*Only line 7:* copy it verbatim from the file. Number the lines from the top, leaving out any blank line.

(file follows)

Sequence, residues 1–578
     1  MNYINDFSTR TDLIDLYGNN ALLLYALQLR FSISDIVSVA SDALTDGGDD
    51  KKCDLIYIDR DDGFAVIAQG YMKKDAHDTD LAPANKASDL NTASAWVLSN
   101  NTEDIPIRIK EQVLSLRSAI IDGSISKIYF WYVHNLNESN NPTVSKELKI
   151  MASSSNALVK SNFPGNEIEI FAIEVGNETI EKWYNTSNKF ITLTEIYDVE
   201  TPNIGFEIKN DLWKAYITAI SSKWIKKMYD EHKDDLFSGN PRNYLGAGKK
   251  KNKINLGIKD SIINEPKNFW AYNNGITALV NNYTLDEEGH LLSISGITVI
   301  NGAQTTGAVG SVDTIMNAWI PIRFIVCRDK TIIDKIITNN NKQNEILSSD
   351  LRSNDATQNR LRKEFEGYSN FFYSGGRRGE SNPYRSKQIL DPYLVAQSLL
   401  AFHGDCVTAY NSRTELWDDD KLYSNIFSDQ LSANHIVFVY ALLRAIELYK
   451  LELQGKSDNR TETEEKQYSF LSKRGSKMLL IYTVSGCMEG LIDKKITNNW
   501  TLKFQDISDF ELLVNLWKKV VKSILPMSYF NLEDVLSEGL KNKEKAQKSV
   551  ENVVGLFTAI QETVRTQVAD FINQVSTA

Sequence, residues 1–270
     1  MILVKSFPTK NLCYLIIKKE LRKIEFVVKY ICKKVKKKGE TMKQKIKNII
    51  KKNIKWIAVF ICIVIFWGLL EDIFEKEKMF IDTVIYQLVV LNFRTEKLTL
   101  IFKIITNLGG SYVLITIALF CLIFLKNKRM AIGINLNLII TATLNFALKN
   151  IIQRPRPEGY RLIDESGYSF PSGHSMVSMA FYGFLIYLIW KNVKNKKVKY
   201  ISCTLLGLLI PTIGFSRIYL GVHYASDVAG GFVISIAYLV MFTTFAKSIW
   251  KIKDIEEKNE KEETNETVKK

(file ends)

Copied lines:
   251  KNKINLGIKD SIINEPKNFW AYNNGITALV NNYTLDEEGH LLSISGITVI